The data appears on 35 parallel leads on one of cables 629. The register code appears in parallel on eleven parallel leads in one of cables 630, and the module address appears on seven parallel leads in one of cables 631. It will be noted that provision is made for up to five sequencer inputs. This corresponds to the four sequencers of FIG. 25 with provision for one additional spare sequencer.

The 11 bits of the register code on one of cables 630 includes six bits of register address, two bits of chassis address, two bits for set and indicate signals and one parity bit. The use of these signals in the operating modules has been described in detail with reference to FIG. 18.

The module address on cables 631 includes three bits to encode the module type and four bits to encode the module number. The module types have been described with reference to FIG. 2. Since the maximum number of each kind of module is sixteen and four bits are adequate to encode the module number.

The three bits of module type identification in module address register 628 are applied to module type decoder 632 to produce an output on one-out-of-eight output leads 633. Similarly, the four-bit module number is applied from module address register 628 to module number decoder 634. This four-bit code is decoded in the decoder 634 to provide an output in one-out-of-sixteen output leads 635. It can be seen that the signals on leads 633 and 635 are sufficient to completely identify any module of the data processing system.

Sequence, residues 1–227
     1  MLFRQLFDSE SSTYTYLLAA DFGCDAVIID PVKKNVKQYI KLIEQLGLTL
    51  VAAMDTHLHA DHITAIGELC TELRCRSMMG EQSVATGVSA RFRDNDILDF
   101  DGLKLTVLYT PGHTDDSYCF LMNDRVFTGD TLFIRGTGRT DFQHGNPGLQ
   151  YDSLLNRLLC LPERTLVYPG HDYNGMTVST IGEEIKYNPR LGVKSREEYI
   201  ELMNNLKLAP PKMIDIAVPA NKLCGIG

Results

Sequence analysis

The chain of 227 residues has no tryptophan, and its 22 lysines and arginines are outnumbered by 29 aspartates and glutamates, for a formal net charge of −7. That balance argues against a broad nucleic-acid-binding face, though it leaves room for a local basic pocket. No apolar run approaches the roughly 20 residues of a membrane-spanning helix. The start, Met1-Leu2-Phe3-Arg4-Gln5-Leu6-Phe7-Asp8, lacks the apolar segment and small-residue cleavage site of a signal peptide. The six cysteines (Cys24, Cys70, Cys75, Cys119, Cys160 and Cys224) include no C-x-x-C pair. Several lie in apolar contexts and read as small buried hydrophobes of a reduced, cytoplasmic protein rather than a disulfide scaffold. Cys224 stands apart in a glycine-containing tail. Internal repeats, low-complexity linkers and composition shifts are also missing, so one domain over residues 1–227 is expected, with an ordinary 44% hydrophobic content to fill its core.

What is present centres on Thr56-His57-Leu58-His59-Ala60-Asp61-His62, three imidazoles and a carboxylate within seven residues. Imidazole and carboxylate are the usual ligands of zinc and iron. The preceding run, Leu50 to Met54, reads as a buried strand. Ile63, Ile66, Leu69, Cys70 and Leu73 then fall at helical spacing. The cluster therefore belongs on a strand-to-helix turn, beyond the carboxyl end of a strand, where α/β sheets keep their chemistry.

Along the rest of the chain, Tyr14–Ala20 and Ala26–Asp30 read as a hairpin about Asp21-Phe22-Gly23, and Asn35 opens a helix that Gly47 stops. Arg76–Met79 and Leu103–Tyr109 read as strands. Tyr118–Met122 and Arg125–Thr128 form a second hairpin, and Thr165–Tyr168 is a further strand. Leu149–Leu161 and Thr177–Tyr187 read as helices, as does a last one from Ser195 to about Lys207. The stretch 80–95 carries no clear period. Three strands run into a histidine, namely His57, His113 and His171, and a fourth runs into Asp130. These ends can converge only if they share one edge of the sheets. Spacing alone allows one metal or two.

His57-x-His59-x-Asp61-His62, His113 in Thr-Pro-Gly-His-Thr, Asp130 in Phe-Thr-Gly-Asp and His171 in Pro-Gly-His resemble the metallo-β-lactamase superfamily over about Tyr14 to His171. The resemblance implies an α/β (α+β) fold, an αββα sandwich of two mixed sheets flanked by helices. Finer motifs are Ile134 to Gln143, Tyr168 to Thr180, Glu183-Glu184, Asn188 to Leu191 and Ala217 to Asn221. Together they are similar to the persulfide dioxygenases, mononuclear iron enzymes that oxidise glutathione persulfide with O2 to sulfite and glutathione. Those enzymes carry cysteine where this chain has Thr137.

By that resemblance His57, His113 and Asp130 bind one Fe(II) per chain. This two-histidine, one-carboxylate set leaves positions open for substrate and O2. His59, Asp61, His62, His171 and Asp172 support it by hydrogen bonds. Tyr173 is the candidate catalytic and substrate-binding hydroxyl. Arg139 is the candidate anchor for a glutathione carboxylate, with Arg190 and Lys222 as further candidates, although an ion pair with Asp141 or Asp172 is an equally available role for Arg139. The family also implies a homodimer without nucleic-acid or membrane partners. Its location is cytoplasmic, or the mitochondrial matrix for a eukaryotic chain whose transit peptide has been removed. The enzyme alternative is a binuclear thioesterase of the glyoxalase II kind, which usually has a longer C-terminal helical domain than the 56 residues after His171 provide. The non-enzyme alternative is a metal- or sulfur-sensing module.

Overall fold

The register code on cable 636, the module type and module number on leads 633 and 635, and the data on output lead 637 are all supplied to each of the data trees illustrated in block form in FIG. 25. That data tree which communicates with the identified module returns an address indication on one-out-of-98 leads 638. This address return is applied to a module address recoder 639 where the signal on one-out-of-98 leads is converted to a seven-bit binary number on cable 640. It can be seen that recoder 635 performs the function inverse to that of decoders 632 and 634. The module address returned on cable 640 is used in the sequencer of FIG. 27 for verification purposes and to lock out modules engaged in tests already in progress. For this purpose, an abort signal is provided on lead 641 to disable the gates 625, 627, and 624, clear the instructions and data and return an abort acknowledge signal on lead 642.